I started walk­ing ev­ery­where

Women's Weekly (Malaysia) - - INSPIRE -

“My mum had di­a­betes but I never knew it was ge­netic or that I would need to watch my own diet and life­style,” says Pooja Jain, 40, who is a free­lance learn­ing de­signer. All she knew at that time was that her mother’s di­a­betes was a side ef­fect of the med­i­ca­tions she was tak­ing for some other ail­ments she had.

Although she found out she had di­a­betes when she was preg­nant, it wasn’t just ges­ta­tional di­a­betes, “as my doc­tor in­formed me, it was wait­ing to hap­pen and found preg­nancy as a ve­hi­cle to man­i­fest it­self”. Add to that was the fact that Pooja had a dif­fi­cult preg­nancy, which in­volved a few hos­pi­tal­i­sa­tions prior to de­liv­ery.

“Our fo­cus at that time was to fol­low the doc­tor’s ad­vice and not over­think any­thing,” she says “I stuck to the pre­scribed diet but since I was on com­plete bedrest, it was ex­tremely dif­fi­cult to man­age my blood sugar lev­els with diet alone. I had to be put on in­sulin in­jec­tions prior to ev­ery meal.” This meant tim­ing her meals and in­sulin shots, and care­fully watch­ing what, when and how much she ate, she says.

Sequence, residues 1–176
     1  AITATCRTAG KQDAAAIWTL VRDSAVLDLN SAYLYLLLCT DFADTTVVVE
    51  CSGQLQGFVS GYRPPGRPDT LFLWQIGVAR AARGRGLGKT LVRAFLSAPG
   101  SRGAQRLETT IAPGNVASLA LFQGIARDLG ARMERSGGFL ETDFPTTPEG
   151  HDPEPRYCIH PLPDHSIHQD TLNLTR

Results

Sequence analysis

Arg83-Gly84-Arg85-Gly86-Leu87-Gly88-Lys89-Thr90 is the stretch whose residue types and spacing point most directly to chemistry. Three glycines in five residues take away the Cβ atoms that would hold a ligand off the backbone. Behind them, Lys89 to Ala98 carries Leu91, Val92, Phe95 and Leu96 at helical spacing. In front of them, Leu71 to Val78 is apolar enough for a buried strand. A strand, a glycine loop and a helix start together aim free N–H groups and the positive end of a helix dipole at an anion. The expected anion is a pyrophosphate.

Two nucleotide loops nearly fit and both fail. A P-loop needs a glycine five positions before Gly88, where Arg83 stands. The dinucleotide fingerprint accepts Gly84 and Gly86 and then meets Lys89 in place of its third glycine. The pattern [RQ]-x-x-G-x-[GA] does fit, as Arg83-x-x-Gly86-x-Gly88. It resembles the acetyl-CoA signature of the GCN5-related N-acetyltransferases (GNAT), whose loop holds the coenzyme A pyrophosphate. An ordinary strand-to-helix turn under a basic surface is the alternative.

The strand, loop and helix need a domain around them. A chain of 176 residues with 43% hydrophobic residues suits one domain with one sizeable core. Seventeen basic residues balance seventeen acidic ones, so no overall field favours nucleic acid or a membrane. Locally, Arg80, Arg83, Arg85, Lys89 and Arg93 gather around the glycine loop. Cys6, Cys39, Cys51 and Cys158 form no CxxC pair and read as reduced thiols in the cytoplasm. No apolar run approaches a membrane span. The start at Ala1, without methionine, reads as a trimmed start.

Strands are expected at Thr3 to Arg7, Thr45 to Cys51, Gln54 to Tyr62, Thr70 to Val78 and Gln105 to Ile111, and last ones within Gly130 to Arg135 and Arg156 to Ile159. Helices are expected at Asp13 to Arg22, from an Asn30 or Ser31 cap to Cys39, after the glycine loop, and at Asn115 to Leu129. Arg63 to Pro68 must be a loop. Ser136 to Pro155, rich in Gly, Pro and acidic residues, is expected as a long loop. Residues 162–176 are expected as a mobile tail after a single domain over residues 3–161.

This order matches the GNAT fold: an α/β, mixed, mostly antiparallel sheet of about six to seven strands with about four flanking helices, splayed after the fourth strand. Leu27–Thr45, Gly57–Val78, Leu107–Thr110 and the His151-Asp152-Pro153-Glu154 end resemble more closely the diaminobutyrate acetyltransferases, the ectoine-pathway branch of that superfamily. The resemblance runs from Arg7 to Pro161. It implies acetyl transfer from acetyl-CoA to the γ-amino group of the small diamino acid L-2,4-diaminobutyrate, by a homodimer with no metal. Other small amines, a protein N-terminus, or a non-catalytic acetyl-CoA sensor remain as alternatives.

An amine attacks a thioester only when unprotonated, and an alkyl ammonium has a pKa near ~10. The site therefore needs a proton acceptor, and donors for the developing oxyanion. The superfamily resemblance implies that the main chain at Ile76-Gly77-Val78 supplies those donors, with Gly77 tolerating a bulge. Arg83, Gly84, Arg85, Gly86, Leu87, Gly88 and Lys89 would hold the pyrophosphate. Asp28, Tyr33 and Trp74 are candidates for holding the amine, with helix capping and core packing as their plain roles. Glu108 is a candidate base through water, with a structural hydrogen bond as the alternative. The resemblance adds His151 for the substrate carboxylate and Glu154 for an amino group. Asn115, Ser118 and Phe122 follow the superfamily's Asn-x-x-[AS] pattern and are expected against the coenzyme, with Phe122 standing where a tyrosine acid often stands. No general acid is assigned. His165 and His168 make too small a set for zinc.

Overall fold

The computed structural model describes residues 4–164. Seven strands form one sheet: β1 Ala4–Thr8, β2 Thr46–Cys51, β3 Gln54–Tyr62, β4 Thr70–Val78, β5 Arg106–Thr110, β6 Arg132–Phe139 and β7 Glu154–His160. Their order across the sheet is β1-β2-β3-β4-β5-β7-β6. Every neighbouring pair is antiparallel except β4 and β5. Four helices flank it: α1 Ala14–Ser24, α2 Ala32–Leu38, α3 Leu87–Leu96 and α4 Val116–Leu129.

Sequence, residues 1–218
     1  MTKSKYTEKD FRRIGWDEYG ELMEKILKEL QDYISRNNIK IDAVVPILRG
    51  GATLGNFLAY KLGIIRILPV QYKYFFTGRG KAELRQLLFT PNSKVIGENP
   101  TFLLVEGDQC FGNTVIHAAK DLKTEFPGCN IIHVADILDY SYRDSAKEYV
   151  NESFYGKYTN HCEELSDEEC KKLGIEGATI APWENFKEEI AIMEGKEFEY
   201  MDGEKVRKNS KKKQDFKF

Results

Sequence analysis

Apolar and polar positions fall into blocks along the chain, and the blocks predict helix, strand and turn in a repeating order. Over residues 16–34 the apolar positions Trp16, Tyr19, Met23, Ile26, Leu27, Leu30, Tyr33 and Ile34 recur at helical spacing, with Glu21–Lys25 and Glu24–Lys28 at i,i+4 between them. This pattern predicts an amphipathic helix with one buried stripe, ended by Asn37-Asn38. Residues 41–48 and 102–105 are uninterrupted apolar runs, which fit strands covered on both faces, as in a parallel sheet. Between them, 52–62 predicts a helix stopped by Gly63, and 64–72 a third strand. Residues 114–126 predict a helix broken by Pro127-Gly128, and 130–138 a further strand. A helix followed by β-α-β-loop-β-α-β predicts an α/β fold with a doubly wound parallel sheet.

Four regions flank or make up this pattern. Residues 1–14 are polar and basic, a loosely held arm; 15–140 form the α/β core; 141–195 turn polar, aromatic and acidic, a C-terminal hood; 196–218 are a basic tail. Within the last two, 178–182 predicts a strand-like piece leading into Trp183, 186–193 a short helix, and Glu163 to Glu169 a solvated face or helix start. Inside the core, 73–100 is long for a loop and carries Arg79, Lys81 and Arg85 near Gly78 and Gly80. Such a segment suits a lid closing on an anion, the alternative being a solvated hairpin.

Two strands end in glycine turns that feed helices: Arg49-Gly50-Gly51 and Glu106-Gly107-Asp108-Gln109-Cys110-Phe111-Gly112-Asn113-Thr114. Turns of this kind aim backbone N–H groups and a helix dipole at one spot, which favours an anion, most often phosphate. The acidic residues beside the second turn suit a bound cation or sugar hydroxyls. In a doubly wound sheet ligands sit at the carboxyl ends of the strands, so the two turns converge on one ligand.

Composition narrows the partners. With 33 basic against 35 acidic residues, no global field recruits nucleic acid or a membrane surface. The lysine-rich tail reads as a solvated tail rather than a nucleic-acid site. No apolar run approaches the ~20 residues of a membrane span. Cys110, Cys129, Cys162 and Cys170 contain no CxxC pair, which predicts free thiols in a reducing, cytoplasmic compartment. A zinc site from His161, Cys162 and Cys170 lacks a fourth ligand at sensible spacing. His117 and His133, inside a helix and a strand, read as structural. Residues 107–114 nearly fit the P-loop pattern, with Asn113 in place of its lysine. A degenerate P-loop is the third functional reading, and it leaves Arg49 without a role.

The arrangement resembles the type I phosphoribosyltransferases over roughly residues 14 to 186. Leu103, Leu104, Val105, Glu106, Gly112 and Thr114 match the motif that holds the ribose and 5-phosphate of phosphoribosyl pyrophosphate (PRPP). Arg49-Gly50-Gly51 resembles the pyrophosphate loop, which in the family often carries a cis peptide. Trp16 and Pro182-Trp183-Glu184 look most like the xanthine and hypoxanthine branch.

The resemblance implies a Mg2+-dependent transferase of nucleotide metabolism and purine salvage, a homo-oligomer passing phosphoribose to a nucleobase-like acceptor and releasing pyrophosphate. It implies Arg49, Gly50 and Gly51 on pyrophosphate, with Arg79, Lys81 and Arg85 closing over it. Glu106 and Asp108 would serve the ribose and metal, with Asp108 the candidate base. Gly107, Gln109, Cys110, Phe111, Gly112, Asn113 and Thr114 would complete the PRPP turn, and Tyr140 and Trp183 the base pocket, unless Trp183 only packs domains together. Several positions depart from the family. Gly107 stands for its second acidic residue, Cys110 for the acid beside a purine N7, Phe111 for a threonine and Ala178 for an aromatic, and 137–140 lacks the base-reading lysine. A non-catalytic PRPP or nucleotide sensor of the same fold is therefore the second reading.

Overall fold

A learn­ing curve

Although Pooja strug­gled with be­ing over­weight, a dco­tor told her that her di­a­betes was more a re­sult of her un­man­aged and un­tamed blood sugar lev­els and had less to do with her weight. “The oral medicines he pre­scribed turned my life around.

As you know, weight man­age­ment is a cru­cial part of fight­ing di­a­betes.

His pre­scrip­tion helped me shed weight and start lead­ing an ac­tive life,” she says.

Find­ing the bal­ance

“The big­gest chal­lenge was to keep a level mind and not get over­whelmed by the num­ber of changes re­quired to bring a sub­stan­tial change,” she says. It started with her diet – Pooja re­duced her por­tion sizes, which meant no pro­cessed foods and less carbs as well, and in­creased the fre­quency of her meals – this was com­ple­mented by prac­ti­cal ex­er­cise.

“I started walk­ing ev­ery­where. It was killing two birds with one stone: Get healthy and re­duce my car­bon foot­print. In­stead of tak­ing buses or taxis, I would walk to the the­atre, to the library, to the mall… lit­er­ally, ev­ery­where. Places that were too far to walk, I cut them out of my to-do list,” she says.

As a re­sult, her fit­ness and en­ergy lev­els have in­creased and she has man­aged to bring down her blood glu­cose lev­els (Hba1c) from a whop­ping 9.5 to 6.7. But it’s a work in progress: ”Reg­u­lar health checks are a must. We women of­ten tend to rel­e­gate our needs, but it’s cru­cial to mon­i­tor Hba1c ev­ery three to four months and plan changes that are eas­ier to sus­tain,” she says.

Find­ing the bal­ance also meant manag­ing fam­ily and friends’ of­ten well-mean­ing, but some­times un­so­licited ad­vice on how much ex­er­cise was too much. “As long as you know your body and mind can han­dle the changes, don’t let fam­ily and friends bring you down,” she says. “They don’t have di­a­betes. You do. Con­sult your doc­tor and do what you

think works best for you.”

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